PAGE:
Residential mobility desires and behaviour over the life course: linking lives through time -PhD thesis-
As residential mobility recursively links individual life courses and the characteristics of places, it is unsurprising that geographers have long sought to understand how people make moving decisions. However, much of our knowledge of residential mobility processes derives from cross-sectional analyses of either mobility decision-making or moving events. Comparatively few studies have linked these separate literatures by analysing how residential (im)mobility decisions unfold over time within particular biographical, household and spatio-temporal contexts. This is problematic, as life course theories suggest that people frequently do not act in accordance with their underlying moving desires. To evaluate the extent to which residential (im)mobility is volitional or the product of constraints therefore requires a longitudinal approach linking moving desires to subsequent moving behaviour. This thesis develops this longitudinal perspective through four linked empirical studies, which each use British Household Panel Survey data to analyse how the life course context affects the expression and realisation of moving desires. The first study investigates how people make moving decisions in different ways in response to different motivations, triggers and life events. The second study harnesses the concept of ‘linked lives’, exploring the extent to which the likelihood of realising a desire to move is dependent upon the desires of a person’s partner. The third study analyses the biographical dimension of mobility decision-making, investigating how the long-term trajectories of life course careers are associated with particular mobility biographies. The final empirical chapter develops these insights, exploring the duration and abandonment of moving desires. Taken together, these studies test and extend conceptual models of mobility decision-making by empirically engaging with neglected facets of life course theories. Fundamentally, the thesis uncovers how aggregate mobility patterns are produced by the interactions between individual choices and multi-scalar constraints.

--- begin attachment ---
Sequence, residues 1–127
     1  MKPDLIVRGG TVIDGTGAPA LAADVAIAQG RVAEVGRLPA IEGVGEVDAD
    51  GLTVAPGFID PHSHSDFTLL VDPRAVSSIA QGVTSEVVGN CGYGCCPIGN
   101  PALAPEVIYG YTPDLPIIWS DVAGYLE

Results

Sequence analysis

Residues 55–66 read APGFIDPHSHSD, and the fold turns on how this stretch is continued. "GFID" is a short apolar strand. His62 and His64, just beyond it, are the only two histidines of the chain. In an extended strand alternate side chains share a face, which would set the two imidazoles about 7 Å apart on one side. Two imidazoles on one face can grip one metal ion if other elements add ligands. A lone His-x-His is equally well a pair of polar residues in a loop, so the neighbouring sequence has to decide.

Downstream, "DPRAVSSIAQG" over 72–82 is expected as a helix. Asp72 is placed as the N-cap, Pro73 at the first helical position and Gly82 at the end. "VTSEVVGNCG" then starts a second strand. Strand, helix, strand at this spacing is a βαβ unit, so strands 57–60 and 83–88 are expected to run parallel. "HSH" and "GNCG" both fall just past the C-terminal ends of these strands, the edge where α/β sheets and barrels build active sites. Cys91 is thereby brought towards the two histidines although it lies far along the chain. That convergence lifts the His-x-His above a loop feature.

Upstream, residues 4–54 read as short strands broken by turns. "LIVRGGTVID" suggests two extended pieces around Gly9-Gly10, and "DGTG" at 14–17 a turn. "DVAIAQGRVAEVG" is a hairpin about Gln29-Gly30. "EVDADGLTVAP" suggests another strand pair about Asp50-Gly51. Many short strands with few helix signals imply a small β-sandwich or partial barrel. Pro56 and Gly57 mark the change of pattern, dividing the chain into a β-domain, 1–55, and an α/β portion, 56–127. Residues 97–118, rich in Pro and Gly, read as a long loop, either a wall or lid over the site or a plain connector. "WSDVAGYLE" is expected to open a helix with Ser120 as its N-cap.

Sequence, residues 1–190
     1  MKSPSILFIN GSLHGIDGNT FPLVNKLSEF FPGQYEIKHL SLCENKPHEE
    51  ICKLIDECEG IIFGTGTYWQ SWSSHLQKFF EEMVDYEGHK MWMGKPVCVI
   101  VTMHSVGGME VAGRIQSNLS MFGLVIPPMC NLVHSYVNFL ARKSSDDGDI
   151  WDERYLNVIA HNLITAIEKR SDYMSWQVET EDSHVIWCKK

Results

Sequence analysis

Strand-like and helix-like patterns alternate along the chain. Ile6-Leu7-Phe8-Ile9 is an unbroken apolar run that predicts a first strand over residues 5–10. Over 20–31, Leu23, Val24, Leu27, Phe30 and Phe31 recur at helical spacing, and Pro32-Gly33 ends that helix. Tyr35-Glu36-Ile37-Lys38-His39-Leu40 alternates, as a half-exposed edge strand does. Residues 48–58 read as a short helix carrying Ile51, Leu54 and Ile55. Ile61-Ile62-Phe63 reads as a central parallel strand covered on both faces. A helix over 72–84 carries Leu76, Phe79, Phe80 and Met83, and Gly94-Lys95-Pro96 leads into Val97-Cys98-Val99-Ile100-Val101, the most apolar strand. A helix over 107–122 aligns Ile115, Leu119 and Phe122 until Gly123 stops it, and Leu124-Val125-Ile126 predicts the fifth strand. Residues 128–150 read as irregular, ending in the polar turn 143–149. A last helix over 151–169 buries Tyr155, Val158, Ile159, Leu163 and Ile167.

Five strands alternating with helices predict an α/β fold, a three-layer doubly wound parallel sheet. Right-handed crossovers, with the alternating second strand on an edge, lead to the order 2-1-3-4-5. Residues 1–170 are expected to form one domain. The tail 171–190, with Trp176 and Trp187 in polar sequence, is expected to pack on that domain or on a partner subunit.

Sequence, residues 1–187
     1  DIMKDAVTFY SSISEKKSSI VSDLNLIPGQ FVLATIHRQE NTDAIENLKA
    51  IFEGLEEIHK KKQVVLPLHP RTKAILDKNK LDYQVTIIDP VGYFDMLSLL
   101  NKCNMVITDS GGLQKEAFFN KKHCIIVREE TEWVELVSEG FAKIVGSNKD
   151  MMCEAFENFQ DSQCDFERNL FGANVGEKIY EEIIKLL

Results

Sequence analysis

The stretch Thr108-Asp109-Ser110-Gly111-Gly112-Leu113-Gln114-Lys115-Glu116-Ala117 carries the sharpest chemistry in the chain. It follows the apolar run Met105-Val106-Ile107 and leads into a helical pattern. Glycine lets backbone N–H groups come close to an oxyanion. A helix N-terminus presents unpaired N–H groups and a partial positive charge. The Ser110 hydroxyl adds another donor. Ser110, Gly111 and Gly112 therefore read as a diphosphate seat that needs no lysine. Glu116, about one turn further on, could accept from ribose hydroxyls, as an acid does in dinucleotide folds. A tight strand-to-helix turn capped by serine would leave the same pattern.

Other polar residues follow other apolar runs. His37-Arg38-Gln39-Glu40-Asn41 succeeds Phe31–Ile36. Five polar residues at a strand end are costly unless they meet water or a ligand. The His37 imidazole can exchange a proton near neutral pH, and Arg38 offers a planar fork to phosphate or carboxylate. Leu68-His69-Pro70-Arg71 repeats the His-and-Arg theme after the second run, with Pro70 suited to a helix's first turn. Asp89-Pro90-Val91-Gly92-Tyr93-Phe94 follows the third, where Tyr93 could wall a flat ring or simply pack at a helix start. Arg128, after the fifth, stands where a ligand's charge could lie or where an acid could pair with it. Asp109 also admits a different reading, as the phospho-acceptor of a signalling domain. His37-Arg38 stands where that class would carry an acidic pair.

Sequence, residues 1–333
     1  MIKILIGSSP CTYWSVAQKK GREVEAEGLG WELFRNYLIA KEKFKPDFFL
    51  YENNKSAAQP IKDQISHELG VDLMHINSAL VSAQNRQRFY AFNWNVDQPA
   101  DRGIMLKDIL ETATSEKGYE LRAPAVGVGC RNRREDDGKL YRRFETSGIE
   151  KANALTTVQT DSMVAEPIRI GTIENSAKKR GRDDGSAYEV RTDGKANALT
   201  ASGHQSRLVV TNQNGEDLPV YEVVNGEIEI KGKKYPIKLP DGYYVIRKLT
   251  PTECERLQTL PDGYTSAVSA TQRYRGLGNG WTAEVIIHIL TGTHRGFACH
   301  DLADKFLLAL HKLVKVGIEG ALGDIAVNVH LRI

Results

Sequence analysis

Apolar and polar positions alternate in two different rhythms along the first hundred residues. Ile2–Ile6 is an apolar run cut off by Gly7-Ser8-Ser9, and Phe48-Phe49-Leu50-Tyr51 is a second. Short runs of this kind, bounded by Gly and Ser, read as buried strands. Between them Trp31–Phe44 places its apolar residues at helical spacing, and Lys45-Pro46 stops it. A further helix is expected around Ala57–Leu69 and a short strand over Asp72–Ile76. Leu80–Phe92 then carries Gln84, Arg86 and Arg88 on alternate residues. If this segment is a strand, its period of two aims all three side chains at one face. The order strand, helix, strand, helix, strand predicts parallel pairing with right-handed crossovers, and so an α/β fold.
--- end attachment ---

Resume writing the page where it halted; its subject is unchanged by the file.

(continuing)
Not held in Research Library - bibliographic reference only; Thesis embargoed until 12 Mar 2018